MTC Logistics is positioning itself to become the premier handler of international temperature-controlled cargo by building a state-of-the-art distribution center at its headquarters in Baltimore.
“We had been looking for quite some time for the right location and with the closure of the former General Motors assembly plant, a brownfield site was made available to us and it was actually tailor-made for what we wanted to do,” President Brooks Royster says. “We selected this location in order to facilitate the movement of temperature-controlled international cargo through the Port of Baltimore for our customers – both import and export.”
The 4.6 million cubic feet distribution center includes 19 truck doors, refrigerated cold dock, blast-freezing, import/export service, -20 to 38 F storage, repackaging and USDA import meat inspection services. Its other features include LTL pool consolidation, port drayage, rail service, U.S. Department of Commerce inspection services and an authorized Walmart consolidation program.
Because MTC Logistics specializes in temperature-controlled logistics, which includes storage, energy is a major factor in its operational cost. “Any increases to energy cost is certainly a concern and so we installed 100,000 square feet of solar panels on the Port of Baltimore facility roof,” Royster explains. “We can now mitigate spikes in energy costs.” The company uses this method to generate energy, which helps power the facility.
Located about one mile from the Port’s Seagirt Marine Terminal gate, MTC Logistics can load containers to the maximum weight limit without the stress of road limits restricting travel. “It gives us access to an uncontested container terminal where we can get multiple containers in and out in one day,” Royster adds.
Vice President of Sales Ernie Ferguson says the company has evolved over the past decade by increasing its international handling. “We were doing 20 percent international handling and now we are 60 to 75 percent,” he adds. “It’s a major shift and we have really leveraged our locations near the ports in the changing economy, which is becoming a truly global economy.”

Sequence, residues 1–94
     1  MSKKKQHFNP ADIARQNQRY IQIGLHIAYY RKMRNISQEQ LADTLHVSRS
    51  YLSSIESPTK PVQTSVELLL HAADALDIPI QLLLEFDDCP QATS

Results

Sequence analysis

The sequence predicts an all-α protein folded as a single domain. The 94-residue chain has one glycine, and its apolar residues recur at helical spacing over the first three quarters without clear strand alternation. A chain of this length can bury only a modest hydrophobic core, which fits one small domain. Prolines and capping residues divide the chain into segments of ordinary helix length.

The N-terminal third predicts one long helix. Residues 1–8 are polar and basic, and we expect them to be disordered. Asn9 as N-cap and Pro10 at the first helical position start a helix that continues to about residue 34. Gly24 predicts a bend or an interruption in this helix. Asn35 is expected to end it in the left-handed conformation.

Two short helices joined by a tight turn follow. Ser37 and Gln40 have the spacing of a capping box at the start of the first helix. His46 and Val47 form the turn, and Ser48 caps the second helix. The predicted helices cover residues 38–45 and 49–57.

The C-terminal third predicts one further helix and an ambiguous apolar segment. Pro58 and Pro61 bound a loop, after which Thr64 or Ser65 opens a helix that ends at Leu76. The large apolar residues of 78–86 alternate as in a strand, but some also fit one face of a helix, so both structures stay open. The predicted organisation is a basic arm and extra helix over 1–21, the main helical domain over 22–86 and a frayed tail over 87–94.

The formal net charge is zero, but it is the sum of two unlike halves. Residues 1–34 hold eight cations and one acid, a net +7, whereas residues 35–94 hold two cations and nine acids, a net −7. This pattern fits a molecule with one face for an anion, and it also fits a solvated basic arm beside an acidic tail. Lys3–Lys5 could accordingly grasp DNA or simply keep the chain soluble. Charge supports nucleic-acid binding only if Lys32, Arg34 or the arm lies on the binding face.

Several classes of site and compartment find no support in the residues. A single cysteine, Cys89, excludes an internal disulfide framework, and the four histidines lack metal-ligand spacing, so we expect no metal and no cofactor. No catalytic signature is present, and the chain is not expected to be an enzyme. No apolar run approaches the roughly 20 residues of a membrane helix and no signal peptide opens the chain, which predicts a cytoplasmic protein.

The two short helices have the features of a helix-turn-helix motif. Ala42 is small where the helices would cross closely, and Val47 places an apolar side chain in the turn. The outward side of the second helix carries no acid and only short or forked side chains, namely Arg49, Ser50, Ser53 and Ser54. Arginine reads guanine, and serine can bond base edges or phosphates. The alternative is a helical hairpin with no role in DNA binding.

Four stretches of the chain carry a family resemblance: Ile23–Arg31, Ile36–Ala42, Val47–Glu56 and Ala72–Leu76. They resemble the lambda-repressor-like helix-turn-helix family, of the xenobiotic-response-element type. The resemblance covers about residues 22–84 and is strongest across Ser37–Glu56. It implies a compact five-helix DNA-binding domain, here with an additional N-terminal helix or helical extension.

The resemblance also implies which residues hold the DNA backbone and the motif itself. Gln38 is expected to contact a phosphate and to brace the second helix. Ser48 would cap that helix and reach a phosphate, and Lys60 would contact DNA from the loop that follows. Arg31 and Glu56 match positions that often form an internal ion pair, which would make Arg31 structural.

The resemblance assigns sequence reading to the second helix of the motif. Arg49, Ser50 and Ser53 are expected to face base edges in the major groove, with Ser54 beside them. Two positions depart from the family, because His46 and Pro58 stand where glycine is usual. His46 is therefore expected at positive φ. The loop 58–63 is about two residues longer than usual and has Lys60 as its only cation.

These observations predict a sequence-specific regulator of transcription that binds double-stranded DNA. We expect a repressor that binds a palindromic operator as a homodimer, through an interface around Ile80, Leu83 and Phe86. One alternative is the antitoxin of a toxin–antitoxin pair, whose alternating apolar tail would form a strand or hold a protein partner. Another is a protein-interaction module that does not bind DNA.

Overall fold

Five Generations Strong
Harry Halpert, chairman of MTC Logistics, is the fifth-generation member of the Hoffberger family business. In 1928, Halpert’s great-grandfather and his brothers – under the direction of their mother – founded Merchants Terminal Corp., to provide cold storage lockers to merchants. The first facility was 11-stories high with three elevators. Product would arrive in small trucks, boxes or crates and be moved by hand dollies to the designated floor. The Hoffberger’s hand-stacked every product onto the floor.
In the 1940s and 50s, the company transitioned from storage to logistics because the highway and automotive infrastructure began to radically improve. Changing refrigeration technology allowed Merchants Terminal to become one of the earliest single-story cold storage warehouses in the country. Additionally, pallets were introduced allowing the stacking of product and electric forklifts became available to move products.
From 1960 through the 1980s, the company expanded to accommodate the growth of customers such as General Foods and local retail grocer Giant Foods. In 2006, the company expanded through acquisition of its Port of Wilmington, Del., facility. Today, in addition to the Port of Wilmington and the Port of Baltimore operations, MTC Logistics has a distribution center in Jessup, Md., at the Maryland Food Center, Royster says.
MTC Logistics’ transportation division, MLogistics, began a partnership in 2010 with Coldstream Logistics – an asset-based trucking company. Through this partnership, the consolidation program expanded and became an authorized Walmart program. MLogistics ships weekly to all 42 Walmart refrigerated distribution centers. “We go the extra mile to understand our clients’ business,” Royster says. “We really strive to understand our customers’ businesses as well as they do.”
MLogistics’ more than 10 years of operation has helped the company provide superior service and added LTL and FTL logistics for its customers, Ferguson says. “It’s a service offering to our customers as we evolve to doing more than being a cold storage warehouse company,” he says. Logistics will continue to evolve as more food products are imported into the United States from various locations. “Just being a company that has four walls and cold air is not enough in today’s true global economy,” Ferguson says. “We will continue to look for other service offerings that we can provide to our customers. We look to do things that other companies don’t want to do.”